COP19: investors welcome emissions reduction plans as Warsaw talks draw to close
A group of investors collectively worth €7.5 trillion (£6.26 trillion) has described the positive conclusion to the UN climate talks in Warsaw as an important step forward, but has urged EU leaders to back up the promises with firm action.
The crucial two-week negotiations had appeared to be heading towards failure. In an unprecedented move, a number of campaign groups walked out of the proceedings on Friday – which was supposed to be the final day of negotiations – warning that the conference, “which should have been an important step in the just transition to a sustainable future, is on track to deliver virtually nothing.”
However, after 36 hours of non-stop talks, delegates from just under 200 countries reached an agreement in the early hours of Sunday, committing to set out their greenhouse gas emission reduction targets for the period after 2020 by the first quarter of 2015.
Stephanie Pfeifer, chief executive of the Institutional Investors Group on Climate Change (IIGCC), which represents over 85 of Europe’s largest investors, said that for these targets to be reached, public bodies and private investors must work together.
“This means putting policy frameworks in place which are truly long-term, enshrined in legislation and provide meaningful support for investors who want to back low-carbon energy”, she said.
“In September world leaders are due to attend a climate summit convened by UN [secretary-general] Ban Ki-moon. By then it will be clear which countries are forging an ambitious climate agenda and which countries are holding back progress.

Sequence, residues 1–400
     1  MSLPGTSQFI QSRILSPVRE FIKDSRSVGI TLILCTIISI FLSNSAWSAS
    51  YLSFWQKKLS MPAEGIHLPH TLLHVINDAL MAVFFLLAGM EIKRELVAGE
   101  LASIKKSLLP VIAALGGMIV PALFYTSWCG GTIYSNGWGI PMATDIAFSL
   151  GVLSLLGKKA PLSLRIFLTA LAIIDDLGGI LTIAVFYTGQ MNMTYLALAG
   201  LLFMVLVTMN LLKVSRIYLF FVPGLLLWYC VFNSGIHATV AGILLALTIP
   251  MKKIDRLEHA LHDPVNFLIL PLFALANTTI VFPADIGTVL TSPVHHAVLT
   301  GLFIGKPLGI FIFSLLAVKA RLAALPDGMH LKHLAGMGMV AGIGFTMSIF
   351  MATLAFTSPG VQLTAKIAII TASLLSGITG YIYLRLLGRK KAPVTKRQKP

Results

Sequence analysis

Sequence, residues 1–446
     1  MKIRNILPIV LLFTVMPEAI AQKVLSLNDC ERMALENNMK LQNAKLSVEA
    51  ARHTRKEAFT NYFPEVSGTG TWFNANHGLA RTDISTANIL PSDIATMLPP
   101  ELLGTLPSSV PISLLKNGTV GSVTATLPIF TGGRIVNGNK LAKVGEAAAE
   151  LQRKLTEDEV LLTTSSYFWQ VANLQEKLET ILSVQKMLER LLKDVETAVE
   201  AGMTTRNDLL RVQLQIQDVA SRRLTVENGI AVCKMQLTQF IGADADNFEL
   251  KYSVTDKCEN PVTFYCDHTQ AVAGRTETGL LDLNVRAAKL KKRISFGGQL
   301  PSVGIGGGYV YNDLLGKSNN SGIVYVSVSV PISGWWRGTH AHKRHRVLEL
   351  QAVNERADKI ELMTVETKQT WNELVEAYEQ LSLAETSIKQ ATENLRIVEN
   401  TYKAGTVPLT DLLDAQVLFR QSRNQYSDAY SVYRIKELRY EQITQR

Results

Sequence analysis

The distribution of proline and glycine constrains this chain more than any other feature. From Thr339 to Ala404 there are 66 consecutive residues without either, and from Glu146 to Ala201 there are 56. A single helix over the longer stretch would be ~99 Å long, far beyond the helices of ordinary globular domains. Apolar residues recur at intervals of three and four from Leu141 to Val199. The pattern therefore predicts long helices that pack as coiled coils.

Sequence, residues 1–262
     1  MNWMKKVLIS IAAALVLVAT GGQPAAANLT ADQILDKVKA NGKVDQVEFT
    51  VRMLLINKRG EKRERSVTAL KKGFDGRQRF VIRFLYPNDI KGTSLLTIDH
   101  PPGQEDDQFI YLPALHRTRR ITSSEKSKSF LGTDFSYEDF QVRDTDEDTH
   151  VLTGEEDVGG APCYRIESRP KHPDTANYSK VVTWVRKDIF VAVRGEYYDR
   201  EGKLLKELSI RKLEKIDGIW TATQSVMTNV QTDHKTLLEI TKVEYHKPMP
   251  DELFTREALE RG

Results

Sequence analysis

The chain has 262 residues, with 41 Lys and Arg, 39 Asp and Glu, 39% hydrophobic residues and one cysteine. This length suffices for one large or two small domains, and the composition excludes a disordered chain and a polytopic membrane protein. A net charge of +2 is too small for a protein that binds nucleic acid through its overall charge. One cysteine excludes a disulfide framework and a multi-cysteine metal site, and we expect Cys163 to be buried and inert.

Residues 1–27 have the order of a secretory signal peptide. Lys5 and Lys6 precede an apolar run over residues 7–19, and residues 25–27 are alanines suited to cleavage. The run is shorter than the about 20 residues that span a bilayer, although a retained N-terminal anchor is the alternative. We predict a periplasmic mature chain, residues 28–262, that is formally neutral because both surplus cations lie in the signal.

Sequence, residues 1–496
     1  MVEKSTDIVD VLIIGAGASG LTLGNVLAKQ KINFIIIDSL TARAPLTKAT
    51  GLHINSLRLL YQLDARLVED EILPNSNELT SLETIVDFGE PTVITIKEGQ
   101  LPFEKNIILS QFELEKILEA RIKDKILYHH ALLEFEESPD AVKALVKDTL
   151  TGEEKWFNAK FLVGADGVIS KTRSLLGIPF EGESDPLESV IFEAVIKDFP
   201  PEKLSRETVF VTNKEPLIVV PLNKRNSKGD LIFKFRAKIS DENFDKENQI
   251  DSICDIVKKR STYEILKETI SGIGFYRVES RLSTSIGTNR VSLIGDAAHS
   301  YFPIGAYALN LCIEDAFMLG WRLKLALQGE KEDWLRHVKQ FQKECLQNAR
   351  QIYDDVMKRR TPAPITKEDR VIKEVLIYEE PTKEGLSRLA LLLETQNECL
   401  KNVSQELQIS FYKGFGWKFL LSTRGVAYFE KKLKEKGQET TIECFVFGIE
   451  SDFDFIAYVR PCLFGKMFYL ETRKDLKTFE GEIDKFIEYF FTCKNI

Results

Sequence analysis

“European leaders have an opportunity to attend the summit from a position of real leadership by putting decisive policy in place which sets the benchmark for international action.”
However, some campaigners are not satisfied by the progress made in Poland. Sven Harmeling, climate change advocacy co-ordinator at aid organisation CARE International, said, “These talks demonstrate that a few key wealthy countries can slow down tangible progress to tackle climate change.
“The failure of these countries to understand and react to the true gravity of the situation facing the world inflicts increasing risks and impacts on vulnerable developing countries and their people.”
Meanwhile, Friends of the Earth’s international climate campaigner Asad Rehman, who attended the summit, added, “With the planet careering towards catastrophic climate change, the international community has done nothing in Warsaw to take its foot off the accelerator.”
Negotiators also managed to reach compromises on a number of other subjects. An agreement was made on a mechanism of “loss and damage.” Through such a system, rich countries, which have historically contributed the most to climate change, would compensate the poorer countries which are set to suffer the most from its effects.
Under the new deal, the Philippines may be able to apply for funds to help recover from the devastation caused by Typhoon Haiyan. Another mechanism was agreed that will reward nations for preserving their forests, backed by $280m from the USA, EU, Norway and UK.
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